77. The apparatus of claim 70, wherein if the third data is indicative of a success, the third data includes an award level.
78. The apparatus of claim 77, wherein the award level is based on an accuracy score associated with the user, the accuracy score being associated with identification of the plurality of advertising elements.
79. The apparatus of claim 77, wherein the award level is based on an timeliness score associated with the user, the timeliness score being associated with identification of the plurality of advertising elements.
80. A computer readable medium storing software instructions structured to cause at least one computing device to:
enable a user to identify a plurality of advertising elements by identifying a plurality of aspects associated with the plurality of advertising elements;
access a data structure storing first data indicative of the plurality of aspects in logical association with second data indicative of entertainment content associated with the plurality of advertising elements to determine if the user correctly identifies the plurality of advertising elements; and
generate data indicative of one of (a) a success associated with an attempt by the user to correctly identify the plurality of advertising elements and (b) a failure associated with the attempt by the user to correctly identify the plurality of advertising elements.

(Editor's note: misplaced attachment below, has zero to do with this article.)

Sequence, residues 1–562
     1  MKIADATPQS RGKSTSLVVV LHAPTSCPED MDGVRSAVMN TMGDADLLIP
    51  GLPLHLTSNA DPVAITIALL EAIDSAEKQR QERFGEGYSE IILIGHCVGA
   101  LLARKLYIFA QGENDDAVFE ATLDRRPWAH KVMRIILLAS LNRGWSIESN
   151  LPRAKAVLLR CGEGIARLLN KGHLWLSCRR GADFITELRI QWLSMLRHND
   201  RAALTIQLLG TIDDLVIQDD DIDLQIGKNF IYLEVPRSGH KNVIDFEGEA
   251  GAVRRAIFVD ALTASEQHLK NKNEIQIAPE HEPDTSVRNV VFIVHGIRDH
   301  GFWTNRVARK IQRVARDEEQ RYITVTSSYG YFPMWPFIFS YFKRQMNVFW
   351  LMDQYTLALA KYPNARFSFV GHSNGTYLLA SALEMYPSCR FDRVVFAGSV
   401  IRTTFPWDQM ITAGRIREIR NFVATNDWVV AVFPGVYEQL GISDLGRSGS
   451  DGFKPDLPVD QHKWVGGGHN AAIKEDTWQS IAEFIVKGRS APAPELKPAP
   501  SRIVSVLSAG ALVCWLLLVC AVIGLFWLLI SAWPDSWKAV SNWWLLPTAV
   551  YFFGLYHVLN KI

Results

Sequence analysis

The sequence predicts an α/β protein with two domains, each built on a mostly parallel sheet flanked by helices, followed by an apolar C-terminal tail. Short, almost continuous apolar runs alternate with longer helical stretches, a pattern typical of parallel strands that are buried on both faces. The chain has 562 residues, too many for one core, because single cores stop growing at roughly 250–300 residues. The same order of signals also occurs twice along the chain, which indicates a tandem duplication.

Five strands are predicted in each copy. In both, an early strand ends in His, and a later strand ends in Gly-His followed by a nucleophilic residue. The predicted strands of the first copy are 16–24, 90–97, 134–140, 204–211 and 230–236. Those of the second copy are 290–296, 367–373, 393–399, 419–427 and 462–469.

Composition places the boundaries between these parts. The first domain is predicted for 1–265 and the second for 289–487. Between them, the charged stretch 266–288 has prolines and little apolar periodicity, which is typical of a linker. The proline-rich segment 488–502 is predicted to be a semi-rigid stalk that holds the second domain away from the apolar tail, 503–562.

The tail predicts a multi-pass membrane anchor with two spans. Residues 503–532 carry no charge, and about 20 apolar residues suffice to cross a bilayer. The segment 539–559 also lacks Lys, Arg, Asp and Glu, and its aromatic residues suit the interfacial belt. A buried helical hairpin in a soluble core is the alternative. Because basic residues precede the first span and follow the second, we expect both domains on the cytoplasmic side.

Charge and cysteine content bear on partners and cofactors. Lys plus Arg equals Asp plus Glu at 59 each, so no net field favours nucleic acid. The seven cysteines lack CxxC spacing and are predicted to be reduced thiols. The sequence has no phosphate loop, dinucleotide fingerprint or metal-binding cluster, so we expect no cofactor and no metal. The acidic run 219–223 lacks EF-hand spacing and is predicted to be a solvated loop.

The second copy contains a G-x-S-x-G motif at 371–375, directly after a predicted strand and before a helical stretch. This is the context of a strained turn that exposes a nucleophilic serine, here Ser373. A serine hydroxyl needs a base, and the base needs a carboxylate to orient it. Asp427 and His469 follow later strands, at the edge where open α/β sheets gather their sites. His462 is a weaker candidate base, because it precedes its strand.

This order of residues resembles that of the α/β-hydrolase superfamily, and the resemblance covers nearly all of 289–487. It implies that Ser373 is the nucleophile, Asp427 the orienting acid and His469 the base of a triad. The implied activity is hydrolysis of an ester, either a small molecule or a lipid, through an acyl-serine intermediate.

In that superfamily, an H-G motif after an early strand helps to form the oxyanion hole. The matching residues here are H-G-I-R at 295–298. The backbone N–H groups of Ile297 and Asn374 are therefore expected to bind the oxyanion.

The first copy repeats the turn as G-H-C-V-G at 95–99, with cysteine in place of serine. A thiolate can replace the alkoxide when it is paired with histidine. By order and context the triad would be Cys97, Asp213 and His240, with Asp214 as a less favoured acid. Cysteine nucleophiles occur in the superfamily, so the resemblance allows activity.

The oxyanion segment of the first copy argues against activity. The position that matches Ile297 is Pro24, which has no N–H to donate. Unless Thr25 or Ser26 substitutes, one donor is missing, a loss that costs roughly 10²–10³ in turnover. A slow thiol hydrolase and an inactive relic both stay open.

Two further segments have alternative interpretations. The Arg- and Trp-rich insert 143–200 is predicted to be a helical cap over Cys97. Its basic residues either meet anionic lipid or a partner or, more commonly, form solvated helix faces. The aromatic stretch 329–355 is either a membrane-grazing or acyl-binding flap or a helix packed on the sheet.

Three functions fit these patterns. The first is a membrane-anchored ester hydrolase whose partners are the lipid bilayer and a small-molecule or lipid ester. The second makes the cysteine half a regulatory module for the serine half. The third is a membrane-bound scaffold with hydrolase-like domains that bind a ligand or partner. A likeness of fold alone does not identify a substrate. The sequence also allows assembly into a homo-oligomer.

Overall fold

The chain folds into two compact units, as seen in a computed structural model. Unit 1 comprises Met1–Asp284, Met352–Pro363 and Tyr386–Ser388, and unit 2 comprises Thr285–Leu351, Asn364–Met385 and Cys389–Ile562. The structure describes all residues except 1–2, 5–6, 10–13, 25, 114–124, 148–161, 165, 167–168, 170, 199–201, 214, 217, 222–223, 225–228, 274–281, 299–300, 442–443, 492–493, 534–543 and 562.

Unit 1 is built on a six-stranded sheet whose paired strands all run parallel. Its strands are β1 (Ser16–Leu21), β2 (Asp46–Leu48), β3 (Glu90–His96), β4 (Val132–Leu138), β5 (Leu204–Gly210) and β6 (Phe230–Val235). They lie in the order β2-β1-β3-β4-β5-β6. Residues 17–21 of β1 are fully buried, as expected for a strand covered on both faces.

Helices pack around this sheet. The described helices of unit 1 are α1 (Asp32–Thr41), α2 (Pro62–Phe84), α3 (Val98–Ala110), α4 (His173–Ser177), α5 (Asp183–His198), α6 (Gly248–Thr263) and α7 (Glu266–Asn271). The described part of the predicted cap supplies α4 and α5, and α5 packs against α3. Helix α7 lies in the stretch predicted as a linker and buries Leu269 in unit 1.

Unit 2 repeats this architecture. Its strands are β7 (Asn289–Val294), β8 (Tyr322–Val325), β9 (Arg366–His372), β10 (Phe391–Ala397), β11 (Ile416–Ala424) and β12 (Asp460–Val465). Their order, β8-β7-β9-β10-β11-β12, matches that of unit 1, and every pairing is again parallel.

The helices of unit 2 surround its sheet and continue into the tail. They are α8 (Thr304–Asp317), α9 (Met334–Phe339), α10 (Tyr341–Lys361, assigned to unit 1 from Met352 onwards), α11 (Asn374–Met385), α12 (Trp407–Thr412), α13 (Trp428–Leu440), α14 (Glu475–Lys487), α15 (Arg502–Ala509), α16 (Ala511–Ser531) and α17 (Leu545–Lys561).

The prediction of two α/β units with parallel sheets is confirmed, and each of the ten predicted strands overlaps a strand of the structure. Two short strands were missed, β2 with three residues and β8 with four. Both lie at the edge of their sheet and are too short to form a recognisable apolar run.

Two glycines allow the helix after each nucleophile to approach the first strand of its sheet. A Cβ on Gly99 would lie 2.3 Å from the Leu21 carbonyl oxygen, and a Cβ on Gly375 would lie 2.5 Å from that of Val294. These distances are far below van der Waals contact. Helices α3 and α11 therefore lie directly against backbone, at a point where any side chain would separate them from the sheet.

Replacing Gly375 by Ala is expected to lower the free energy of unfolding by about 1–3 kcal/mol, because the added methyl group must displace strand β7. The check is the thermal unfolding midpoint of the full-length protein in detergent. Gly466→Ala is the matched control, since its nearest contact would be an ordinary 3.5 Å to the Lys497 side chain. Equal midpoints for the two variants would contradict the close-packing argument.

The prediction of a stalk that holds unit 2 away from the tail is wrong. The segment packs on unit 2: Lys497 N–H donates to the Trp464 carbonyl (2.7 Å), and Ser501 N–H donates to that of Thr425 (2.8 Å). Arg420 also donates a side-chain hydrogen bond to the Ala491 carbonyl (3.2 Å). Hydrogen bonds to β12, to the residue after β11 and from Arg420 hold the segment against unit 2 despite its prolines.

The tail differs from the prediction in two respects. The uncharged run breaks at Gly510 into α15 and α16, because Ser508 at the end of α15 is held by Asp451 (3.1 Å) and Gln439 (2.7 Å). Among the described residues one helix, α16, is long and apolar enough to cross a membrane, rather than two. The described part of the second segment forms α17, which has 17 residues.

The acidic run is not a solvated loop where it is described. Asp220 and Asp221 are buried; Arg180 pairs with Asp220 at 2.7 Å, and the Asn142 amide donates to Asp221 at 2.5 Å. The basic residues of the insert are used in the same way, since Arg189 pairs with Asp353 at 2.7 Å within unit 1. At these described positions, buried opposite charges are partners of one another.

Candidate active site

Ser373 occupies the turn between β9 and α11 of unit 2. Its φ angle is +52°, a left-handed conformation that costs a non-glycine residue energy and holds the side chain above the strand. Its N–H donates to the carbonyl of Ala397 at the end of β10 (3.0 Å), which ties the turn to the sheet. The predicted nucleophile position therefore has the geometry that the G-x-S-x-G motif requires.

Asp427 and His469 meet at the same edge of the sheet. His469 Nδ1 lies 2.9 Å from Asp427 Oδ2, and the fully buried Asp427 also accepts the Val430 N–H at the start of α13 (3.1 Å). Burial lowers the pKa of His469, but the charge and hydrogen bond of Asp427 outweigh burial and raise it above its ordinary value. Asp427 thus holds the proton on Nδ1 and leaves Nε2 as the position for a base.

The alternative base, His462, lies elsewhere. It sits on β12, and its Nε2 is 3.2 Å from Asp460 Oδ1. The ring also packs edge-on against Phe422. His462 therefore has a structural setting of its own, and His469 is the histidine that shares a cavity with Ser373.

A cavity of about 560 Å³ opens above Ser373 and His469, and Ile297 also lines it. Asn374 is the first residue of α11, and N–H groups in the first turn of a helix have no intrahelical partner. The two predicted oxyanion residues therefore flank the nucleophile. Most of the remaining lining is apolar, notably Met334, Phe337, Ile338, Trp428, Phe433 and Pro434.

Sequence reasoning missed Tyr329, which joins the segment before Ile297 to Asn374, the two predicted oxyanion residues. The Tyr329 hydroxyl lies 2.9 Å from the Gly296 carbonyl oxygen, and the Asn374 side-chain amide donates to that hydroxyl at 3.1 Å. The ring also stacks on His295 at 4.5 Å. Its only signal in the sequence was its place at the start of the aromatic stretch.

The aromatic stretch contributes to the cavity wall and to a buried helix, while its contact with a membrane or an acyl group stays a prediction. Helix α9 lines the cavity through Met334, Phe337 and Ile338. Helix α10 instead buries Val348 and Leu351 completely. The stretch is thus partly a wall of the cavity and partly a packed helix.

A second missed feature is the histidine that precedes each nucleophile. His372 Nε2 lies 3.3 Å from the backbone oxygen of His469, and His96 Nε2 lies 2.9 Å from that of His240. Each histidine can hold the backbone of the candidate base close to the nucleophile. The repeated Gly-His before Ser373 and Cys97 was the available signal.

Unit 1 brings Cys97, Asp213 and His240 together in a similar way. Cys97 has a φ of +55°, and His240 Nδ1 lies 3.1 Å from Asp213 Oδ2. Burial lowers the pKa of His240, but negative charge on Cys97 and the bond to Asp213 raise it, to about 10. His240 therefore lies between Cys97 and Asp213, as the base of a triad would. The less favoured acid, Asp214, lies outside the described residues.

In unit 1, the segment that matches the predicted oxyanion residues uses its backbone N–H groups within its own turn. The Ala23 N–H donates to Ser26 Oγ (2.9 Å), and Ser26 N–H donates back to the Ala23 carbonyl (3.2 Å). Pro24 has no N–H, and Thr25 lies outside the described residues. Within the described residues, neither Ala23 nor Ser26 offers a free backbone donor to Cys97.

81. The computer readable medium of claim 80, wherein the software instructions are structured to cause the at least one computing device to generate data indicative of a first display portion, the first display portion being indicative of at least one of the plurality of aspects in graphical association with a second display portion indicative of the entertainment content.
82. The apparatus of claim 80, wherein the plurality of advertising elements includes a placement advertisement.
83. The apparatus of claim 80, wherein the plurality of advertising elements includes a first advertising element associated with a first advertiser and a second advertising element associated with a second different advertiser.
84. The apparatus of claim 80, wherein the plurality of aspects includes at least one of a product name, a product type, a service name, a service type, a brand name, an entity name, a product color, a product model, a product version, a product feature, and a product action.